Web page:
VW Scandal to Hurt Its Financing Arm

28 Sep 2015 | Author: | No comments yet »

VW facing ‘tsunami’ of legal trouble in emissions scandal.

Volkswagen’s own staff and one of its suppliers warned years ago about software designed to thwart emissions tests, two German newspapers reported on Sunday, as the automaker tries to uncover whether its executives knew about the cheating.The global car giant Volkswagen was warned at least four years ago that the computer software at the heart of its diesel emissions scandal was illegal, but the company failed to act on the information and continued to use it, according to German media reports.Those are among questions that state and federal investigators want answered as they plunge into the emissions scandal at Volkswagen that has cost the chief executive his job, caused stock prices to plummet and could result in billions of dollars in fines.

Europe’s biggest automaker is adding up the cost of the biggest business scandal in its 78-year history, having acknowledged installing software in diesel engines designed to hide their emissions of toxic gasses. VW admitted a week ago that emissions tests it was conducting on its diesel vehicles sold in the United States were manipulated, after the practice was uncovered by US environmental authorities.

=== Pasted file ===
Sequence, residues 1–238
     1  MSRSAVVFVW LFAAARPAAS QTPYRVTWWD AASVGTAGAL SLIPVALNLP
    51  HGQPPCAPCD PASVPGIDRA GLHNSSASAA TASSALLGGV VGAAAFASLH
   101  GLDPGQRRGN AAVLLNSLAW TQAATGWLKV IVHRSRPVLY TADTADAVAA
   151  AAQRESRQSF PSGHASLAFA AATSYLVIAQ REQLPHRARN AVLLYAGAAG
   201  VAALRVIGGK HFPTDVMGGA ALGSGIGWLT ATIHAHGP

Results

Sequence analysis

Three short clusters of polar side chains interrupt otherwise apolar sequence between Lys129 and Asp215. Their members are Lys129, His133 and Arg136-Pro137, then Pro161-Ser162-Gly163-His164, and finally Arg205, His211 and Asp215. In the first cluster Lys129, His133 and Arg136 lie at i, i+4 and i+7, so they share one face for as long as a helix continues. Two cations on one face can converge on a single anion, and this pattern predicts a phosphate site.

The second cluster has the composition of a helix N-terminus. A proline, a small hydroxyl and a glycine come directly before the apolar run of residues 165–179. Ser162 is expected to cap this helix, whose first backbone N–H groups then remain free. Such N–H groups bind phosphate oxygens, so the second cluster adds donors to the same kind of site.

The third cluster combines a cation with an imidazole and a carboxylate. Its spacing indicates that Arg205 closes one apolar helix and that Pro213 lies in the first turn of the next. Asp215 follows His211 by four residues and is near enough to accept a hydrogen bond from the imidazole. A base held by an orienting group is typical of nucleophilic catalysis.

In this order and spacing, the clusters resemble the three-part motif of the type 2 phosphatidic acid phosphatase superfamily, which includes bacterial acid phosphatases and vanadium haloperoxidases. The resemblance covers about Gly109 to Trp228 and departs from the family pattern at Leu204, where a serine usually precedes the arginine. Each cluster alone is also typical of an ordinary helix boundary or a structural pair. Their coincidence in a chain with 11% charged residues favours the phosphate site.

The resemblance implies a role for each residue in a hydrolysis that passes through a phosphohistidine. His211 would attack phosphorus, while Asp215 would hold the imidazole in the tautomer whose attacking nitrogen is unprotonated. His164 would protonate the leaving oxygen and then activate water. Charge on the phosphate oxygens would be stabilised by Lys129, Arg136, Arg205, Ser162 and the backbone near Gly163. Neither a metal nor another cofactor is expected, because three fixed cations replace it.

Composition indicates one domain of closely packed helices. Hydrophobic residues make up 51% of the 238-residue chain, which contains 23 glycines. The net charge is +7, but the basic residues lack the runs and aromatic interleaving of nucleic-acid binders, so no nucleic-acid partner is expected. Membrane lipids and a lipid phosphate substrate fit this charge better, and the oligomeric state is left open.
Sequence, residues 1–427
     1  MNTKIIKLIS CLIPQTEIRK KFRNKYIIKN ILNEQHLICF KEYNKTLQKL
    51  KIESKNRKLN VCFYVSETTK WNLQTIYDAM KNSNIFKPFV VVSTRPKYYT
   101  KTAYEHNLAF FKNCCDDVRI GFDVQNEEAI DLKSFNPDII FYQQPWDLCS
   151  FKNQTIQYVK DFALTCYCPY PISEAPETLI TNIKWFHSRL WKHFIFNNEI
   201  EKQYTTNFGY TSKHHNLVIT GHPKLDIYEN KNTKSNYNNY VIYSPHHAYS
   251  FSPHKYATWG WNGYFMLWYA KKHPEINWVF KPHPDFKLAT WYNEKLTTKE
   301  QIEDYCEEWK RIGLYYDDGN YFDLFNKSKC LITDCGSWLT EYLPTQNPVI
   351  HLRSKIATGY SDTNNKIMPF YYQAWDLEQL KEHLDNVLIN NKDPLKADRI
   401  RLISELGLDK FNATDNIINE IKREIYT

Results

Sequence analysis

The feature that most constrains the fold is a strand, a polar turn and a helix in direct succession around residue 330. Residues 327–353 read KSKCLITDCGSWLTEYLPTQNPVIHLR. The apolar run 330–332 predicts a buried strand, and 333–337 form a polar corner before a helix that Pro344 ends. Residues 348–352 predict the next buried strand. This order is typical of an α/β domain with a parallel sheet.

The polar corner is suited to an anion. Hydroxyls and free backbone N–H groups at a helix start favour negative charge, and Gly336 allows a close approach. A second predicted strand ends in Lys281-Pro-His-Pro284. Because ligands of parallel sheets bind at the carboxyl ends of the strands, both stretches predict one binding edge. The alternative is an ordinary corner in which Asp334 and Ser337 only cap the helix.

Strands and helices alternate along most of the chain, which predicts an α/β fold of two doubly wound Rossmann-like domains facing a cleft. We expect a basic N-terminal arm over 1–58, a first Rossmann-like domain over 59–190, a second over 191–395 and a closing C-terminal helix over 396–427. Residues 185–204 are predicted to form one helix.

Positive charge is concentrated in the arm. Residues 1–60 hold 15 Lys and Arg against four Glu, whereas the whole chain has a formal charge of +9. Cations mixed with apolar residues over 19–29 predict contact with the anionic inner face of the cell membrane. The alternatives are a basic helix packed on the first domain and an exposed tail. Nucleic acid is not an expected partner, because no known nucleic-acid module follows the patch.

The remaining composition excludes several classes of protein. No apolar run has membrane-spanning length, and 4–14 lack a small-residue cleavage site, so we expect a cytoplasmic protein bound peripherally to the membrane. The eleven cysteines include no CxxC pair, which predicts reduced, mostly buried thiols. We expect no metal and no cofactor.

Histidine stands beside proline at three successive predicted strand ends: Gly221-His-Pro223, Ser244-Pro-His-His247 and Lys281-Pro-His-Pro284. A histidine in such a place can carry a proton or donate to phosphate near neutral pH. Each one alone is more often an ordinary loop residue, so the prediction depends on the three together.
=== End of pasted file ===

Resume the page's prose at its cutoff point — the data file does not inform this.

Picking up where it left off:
German authorities meanwhile heaped pressure on the embattled corporate titan, demanding it set out a timeline by October 7 on how it will ensure its diesel cars meet national emission standards without using the cheat technology. The Environmental Protection Agency has accused VW of installing sophisticated stealth software that enabled “clean diesel” versions of its Passat, Jetta, Golf and Beetle models to detect when they were being tested and emit less-polluting exhaust than in real-world driving conditions. VW’s ability to regain public and consumer respect may hinge on Mueller’s ability to tackle the company’s culture; specifically, the company’s willingness to look unflinchingly in the mirror and address what has long been seen as a culture of arrogance, epitomized most recently by the evident disregard for government clean-air standards. “There’s a measure of arrogance to this that I think people find appalling because they figured they can get away with it – we’re smarter than everyone else,” said former automotive marketing executive Peter De Lorenzo, Autoextremist.com blogger told USA Today in an interview. “That really casts this in a wildly negative light.” Even Bernd Osterloh, VW’s top labor executive and a member of the supervisory board, conceded at Friday’s press conference in Wolfsburg, Germany that “Volkswagen needs a fundamental cultural change.” The pride and self-regard of many VW managers for the automaker’s engineering prowess evidently led to the belief that U.S. government officials were too dim or too distracted to uncover the misleading emissions tests fabricated by VW engineers.